- The employer cannot benefit financially from the work the intern is doing
- The internship cannot serve as an unpaid “tryout” for a formal job
- Both the intern and the employer must understand the position is unpaid. No surprises.
The chance that an unpaid internship meets all six requirements is unlikely. Think about it: in what world does working for no pay benefit the intern more than the employer?
Despite concerns of exploitation, interestingly enough students very rarely report any wrongdoing. The Department of Labor confirms that they only receive a handful of complaints each year. If an intern does attempt to sue, the lawsuit often settles outside of court.
And if the student is receiving credit for the internship, any legal claims to compensation are instantly compromised. Once credit is awarded, the minimum wage rules no longer apply.
Which leads to yet another complicated facet of the unpaid internship debate. To wiggle their way around the laws, unpaid internships often require students to work for credit—but universities usually make students pay per credit. This means students have to shell out yet another thousand dollars to work for free. If interns are expected to be in the office five days a week, students aren’t able to pick up a second job to help alleviate the credit costs if mom and dad can’t cover the expenses. This makes it nearly impossible for financially strained students to intern at the big name companies with unpaid internship programs.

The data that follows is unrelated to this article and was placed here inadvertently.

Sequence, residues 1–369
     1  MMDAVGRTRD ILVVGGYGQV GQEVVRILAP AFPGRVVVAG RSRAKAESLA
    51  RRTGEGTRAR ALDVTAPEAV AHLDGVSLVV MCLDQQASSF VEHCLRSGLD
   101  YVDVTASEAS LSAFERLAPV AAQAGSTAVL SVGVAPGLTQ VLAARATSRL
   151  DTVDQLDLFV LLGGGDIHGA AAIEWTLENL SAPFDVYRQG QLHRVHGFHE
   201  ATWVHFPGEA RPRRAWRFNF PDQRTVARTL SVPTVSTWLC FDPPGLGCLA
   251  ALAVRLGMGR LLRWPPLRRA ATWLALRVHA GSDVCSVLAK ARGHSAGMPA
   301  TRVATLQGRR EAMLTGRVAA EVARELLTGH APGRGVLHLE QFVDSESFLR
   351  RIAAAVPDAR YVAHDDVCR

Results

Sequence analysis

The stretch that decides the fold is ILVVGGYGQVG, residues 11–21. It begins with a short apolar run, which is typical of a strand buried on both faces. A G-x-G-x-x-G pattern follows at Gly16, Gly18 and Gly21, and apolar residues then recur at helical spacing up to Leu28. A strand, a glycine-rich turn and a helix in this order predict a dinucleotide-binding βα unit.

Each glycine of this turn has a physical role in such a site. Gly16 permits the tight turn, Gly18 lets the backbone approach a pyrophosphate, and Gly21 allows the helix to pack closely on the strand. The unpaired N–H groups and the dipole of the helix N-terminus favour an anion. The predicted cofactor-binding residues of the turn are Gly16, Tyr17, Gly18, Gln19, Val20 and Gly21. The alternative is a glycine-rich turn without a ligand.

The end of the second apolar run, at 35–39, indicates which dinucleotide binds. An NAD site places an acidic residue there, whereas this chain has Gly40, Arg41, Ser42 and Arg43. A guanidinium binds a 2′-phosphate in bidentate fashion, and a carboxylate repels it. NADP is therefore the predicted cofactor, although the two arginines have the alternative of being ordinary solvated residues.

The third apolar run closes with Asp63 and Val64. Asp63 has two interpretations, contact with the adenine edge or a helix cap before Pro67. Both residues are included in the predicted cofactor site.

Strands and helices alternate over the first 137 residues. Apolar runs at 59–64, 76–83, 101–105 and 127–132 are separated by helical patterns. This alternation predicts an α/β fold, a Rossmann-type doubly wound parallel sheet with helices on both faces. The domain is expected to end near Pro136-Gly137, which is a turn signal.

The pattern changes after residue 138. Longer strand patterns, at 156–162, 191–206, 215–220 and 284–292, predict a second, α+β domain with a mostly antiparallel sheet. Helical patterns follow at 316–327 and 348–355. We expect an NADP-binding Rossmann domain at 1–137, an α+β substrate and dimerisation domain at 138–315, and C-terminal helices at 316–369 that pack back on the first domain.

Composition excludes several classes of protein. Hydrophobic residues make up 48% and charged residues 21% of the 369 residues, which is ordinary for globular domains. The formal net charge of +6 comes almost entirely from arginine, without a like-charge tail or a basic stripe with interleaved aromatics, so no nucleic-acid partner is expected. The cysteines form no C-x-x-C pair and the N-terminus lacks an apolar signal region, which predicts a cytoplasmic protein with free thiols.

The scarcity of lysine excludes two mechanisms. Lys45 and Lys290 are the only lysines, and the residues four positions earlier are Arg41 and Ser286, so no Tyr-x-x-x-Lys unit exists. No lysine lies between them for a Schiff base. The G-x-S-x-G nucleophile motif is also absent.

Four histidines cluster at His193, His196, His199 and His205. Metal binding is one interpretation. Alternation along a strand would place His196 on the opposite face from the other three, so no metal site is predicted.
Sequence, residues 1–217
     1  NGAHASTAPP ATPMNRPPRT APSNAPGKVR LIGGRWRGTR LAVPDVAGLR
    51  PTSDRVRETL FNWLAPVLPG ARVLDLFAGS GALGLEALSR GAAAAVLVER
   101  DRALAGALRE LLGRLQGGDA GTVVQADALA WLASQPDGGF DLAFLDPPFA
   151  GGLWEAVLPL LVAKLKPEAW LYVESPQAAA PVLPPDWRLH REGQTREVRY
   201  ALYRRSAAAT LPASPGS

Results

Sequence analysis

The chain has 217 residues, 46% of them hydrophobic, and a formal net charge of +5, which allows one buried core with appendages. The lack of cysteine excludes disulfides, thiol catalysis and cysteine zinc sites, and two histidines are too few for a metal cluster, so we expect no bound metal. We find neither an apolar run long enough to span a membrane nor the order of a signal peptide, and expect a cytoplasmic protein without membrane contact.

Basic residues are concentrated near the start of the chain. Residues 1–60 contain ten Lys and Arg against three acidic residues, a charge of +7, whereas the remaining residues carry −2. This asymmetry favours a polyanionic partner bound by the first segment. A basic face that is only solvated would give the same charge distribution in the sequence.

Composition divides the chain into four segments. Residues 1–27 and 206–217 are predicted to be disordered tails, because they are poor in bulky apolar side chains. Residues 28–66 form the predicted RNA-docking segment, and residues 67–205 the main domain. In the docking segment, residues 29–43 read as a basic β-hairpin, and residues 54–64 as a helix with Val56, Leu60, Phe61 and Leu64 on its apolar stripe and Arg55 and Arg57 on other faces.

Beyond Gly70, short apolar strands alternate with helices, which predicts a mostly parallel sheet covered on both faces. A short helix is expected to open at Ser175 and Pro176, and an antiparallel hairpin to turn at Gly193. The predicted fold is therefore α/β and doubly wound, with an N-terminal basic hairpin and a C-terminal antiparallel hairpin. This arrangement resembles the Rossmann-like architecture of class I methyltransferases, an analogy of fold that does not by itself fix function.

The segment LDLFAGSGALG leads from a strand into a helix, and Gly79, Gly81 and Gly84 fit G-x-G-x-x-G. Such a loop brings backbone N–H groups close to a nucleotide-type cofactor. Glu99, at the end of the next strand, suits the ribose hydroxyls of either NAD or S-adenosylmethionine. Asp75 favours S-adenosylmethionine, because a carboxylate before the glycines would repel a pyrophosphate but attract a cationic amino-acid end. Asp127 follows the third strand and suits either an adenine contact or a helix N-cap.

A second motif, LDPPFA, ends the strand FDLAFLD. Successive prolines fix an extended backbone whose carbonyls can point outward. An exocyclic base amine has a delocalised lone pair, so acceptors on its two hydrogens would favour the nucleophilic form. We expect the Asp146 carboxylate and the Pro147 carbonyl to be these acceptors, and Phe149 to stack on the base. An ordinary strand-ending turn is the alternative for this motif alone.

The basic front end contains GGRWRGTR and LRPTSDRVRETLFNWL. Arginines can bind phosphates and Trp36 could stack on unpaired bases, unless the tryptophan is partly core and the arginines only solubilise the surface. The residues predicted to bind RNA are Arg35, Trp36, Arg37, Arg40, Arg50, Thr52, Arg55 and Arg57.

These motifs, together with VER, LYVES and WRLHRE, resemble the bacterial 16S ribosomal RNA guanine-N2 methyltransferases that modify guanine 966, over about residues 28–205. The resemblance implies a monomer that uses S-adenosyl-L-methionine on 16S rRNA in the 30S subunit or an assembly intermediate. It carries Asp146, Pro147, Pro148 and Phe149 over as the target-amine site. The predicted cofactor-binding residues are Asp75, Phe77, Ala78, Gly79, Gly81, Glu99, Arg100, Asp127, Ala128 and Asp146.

Chalk it up as another advantage for the privileged.
Whether it’s paid or unpaid, a true internship should give you real world experience, help you gain desirable skills, and make connections that lead to a future job. It should not leave you feeling exploited, unappreciated and completely broke. If you’re not getting anything out of your unpaid internship, then maybe you’re better off seeking an alternative.
There is nothing wrong with racking up as many internships as possible if you truly believe it will help you get a leg up in the job world.
But it’s up to you to decide at what cost.
Image Via Anna Thetard